Posts Tagged 'diabetes'

Got Bones?

Recent headlines have reported a correlation between drugs commonly prescribed for osteoporotic patients and certain types of fractures. A few years ago, the revelation that ostoenecrosis (dying bone) of the jaw was correlated with these same types of drugs. Does it seem like these treatments are missing something, chemically altering our bodies’ processes and influencing specific cell behavior for a “cure” to what we perceive as a disease process? Maybe that disease is a symptom of a broader and less easily defined set of malfunctions. To drive any one cellular process to achieve a singular end result could throw a tightly integrated system, like the human body, into a chain reaction with far too many subtle (and not so subtle) effects to ever hope to predict, control or react to. We assume that people lose bone mass naturally and that it is a direct effect of aging. That is probably true to an extent. However, what is often overlooked is the years of abuse our bodies take and the nutritional torture that our modern diet has inflicted on various systems of the body. It is common knowledge that a poor diet can lead to type 2 diabetes, effect heart health, and lead to various cancers, and those are only the pathological processes. The subclinical manifestations of a poor lifestyle can weaken every system in the body as well as create problems that may not be realized for decades when gross pathology arises. By then, rendering the true causes can be lost in the mud of many seemingly unrelated symptoms.

On the topic of osteoporosis, it is known that certain types of diets and particular processed food products have the effect of demineralizing bone, making it weaker. We know that bone is built in response to stress… exercise, movement, creating small stress on the bone signals the body to build more. So it seems that as we become more sedentary we will not build new bone and in fact the body will resorb bone when it isn’t being used. It’s a use it or lose it situation. So maybe as we age we naturally stop doing so many weight bearing activities and thus lose some bone mass, but it’s the excessively sedentary lifestyle that can lead to the amount of loss that seems to require immediate action. We take a chemical that changes the body’s natural process in order to build bone but at the expense of a number of other interrelated systems. This does not seem logical. Maintaining an active lifestyle with moderate weight bearing exercise along with eating a diet heavy in whole, natural, raw foods with very few processed nutrient devoid products would not only allow the natural process of bone maintenance to take place but also reap innumerable other benefits to the person. Bone health is just another attempt to micromanage our health from a reactionary, outside-in approach that simply leads to more dysfunction down the line. The solution is really to back up, look to our daily habits and lifestyle, and proactively build lasting natural health from within. This in turn, will be expressed in a healthy vital life outside.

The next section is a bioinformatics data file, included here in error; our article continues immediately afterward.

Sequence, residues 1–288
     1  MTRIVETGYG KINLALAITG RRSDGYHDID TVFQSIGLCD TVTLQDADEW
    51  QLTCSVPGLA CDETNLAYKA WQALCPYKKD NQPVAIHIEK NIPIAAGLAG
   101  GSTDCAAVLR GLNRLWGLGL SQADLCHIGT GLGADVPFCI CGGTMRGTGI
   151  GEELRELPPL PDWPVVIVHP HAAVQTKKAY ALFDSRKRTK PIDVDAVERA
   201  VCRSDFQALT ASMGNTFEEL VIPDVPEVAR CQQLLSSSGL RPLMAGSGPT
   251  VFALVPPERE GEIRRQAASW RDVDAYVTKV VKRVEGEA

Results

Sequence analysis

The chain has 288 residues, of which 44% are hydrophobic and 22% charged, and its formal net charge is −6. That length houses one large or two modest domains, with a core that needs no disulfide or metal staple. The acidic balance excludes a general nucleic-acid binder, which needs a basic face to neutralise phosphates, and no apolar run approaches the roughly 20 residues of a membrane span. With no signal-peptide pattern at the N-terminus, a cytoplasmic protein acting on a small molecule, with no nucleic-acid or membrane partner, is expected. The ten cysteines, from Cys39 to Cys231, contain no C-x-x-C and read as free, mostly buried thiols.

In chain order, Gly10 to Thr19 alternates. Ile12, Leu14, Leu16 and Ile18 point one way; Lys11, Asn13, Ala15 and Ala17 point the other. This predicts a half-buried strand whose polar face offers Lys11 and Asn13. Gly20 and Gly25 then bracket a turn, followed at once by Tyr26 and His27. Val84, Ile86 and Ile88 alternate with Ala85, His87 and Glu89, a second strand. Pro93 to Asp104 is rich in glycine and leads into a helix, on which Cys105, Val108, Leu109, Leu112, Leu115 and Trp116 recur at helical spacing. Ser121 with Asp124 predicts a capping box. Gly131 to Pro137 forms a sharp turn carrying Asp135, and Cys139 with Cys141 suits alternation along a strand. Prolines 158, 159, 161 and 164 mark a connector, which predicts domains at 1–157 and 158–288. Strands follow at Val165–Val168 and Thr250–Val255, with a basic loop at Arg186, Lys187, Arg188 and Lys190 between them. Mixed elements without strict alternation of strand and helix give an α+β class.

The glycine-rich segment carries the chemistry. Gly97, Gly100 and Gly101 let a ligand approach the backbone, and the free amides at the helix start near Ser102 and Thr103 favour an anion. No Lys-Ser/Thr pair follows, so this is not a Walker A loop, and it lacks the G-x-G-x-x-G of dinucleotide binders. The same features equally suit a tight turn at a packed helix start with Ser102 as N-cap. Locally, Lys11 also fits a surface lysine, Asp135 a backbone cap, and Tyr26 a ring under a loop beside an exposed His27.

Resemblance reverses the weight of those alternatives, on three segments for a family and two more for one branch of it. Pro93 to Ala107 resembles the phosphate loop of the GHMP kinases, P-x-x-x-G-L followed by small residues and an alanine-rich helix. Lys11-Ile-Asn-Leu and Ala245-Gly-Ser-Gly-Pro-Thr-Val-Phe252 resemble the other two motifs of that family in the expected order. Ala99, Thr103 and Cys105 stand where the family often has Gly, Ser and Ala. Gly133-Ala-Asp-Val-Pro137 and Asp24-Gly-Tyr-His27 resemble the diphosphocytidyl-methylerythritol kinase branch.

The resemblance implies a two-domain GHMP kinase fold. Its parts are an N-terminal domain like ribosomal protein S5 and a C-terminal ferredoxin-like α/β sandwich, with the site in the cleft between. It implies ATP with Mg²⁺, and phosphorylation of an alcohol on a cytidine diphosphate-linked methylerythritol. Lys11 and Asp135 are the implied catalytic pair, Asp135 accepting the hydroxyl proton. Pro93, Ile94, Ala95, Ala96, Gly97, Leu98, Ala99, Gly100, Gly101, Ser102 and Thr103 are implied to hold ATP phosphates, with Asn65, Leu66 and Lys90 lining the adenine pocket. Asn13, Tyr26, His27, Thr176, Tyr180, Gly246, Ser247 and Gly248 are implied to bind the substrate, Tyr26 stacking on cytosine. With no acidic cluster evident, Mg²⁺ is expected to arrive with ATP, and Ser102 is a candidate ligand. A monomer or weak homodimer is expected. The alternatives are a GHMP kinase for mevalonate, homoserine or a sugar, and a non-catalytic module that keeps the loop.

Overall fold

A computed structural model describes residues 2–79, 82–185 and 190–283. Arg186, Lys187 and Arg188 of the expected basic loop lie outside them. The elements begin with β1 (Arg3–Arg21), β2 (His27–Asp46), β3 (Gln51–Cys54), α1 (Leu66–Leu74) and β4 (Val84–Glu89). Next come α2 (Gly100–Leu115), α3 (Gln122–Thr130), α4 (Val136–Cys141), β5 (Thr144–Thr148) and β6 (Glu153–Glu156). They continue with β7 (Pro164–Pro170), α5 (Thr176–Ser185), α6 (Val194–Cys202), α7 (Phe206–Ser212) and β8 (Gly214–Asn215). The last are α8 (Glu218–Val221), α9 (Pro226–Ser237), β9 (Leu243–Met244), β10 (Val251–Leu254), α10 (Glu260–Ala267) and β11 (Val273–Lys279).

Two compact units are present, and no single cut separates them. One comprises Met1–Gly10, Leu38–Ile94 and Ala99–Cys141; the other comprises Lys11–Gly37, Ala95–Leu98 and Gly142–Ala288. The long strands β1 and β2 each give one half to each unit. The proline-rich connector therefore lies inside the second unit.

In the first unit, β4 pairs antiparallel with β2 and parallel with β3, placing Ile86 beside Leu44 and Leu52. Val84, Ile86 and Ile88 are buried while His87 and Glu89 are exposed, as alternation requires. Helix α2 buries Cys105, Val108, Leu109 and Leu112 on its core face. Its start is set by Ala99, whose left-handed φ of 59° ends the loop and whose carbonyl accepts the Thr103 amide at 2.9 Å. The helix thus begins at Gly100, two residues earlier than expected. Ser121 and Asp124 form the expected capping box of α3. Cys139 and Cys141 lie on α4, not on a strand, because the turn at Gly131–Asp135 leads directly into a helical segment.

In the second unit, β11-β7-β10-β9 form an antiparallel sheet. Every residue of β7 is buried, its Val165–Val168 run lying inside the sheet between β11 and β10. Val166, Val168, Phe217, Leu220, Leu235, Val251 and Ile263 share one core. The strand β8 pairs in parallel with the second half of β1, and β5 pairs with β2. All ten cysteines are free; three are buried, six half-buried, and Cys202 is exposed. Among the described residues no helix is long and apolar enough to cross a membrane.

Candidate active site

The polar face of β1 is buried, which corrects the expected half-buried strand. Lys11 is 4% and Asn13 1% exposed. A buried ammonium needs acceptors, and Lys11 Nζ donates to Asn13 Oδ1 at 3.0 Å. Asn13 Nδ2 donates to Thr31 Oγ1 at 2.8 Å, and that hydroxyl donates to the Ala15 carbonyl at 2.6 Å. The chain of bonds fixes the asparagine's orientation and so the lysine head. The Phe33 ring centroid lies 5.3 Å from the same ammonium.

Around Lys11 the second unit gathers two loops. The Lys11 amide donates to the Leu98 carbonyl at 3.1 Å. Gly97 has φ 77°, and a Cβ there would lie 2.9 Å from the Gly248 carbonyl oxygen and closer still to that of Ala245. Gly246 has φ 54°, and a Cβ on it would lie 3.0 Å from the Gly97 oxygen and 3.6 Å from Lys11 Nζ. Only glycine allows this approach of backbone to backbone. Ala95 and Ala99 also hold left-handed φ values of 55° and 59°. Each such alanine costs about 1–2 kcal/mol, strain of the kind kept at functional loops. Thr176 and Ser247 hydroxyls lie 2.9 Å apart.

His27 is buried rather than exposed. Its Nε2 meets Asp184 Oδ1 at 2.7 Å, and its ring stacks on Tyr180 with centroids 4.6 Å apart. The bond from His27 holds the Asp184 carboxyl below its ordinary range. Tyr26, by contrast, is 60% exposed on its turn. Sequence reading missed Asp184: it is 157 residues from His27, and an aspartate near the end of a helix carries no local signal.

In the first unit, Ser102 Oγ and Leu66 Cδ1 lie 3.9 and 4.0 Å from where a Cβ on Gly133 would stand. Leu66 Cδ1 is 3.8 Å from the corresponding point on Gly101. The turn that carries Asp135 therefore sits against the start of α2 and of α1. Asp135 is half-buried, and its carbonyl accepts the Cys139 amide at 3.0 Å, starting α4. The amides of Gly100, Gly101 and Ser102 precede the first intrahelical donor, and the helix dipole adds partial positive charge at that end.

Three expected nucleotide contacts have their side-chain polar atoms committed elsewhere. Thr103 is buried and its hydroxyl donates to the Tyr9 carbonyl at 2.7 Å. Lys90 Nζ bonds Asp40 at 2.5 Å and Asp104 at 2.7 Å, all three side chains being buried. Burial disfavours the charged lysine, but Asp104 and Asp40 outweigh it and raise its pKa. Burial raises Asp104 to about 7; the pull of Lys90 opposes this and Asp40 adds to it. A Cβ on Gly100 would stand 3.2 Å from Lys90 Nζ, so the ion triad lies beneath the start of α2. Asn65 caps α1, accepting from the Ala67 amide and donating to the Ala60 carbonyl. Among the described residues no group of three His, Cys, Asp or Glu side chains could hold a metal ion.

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Food is not Medicine

Or is it?  The article does not address the benefits of whole foods.  However, it is good to see this subject matter becoming more mainstream.

Don’t be misled by these food label tricks.

Diabetes… what the?

Managing and living with diabetes is not easy.  One must monitor their dietary intake much closer than the average person.  Adjusting to a “diabetic safe” diet is quite a shock to most people, but the real shocking thing is that a diabetic safe diet is really a rather simple and healthy diet that is not far off a recommended eating plan.

Diabetes is not a genetic disease or something that just happens.  It is a disease caused by poor nutrition.  There is no magic pill or potion, although some substances have been known to support the body in healing itself.  The answer lies in nutrition both in treatment and prevention.